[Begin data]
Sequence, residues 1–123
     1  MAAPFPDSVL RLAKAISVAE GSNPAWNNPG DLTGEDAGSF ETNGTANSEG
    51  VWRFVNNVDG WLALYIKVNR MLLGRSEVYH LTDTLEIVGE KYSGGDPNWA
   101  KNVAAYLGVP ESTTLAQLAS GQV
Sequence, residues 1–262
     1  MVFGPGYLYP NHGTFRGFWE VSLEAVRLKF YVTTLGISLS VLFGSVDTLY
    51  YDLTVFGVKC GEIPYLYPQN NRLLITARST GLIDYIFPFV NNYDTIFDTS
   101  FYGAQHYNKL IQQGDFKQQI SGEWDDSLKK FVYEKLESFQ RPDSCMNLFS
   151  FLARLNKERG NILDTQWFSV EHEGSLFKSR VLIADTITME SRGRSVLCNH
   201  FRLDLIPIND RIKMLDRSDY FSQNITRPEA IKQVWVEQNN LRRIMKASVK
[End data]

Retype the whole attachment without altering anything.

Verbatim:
Sequence, residues 1–123
     1  MAAPFPDSVL RLAKAISVAE GSNPAWNNPG DLTGEDAGSF ETNGTANSEG
    51  VWRFVNNVDG WLALYIKVNR MLLGRSEVYH LTDTLEIVGE KYSGGDPNWA
   101  KNVAAYLGVP ESTTLAQLAS GQV
Sequence, residues 1–262
     1  MVFGPGYLYP NHGTFRGFWE VSLEAVRLKF YVTTLGISLS VLFGSVDTLY
    51  YDLTVFGVKC GEIPYLYPQN NRLLITARST GLIDYIFPFV NNYDTIFDTS
   101  FYGAQHYNKL IQQGDFKQQI SGEWDDSLKK FVYEKLESFQ RPDSCMNLFS
   151  FLARLNKERG NILDTQWFSV EHEGSLFKSR VLIADTITME SRGRSVLCNH
   201  FRLDLIPIND RIKMLDRSDY FSQNITRPEA IKQVWVEQNN LRRIMKASVK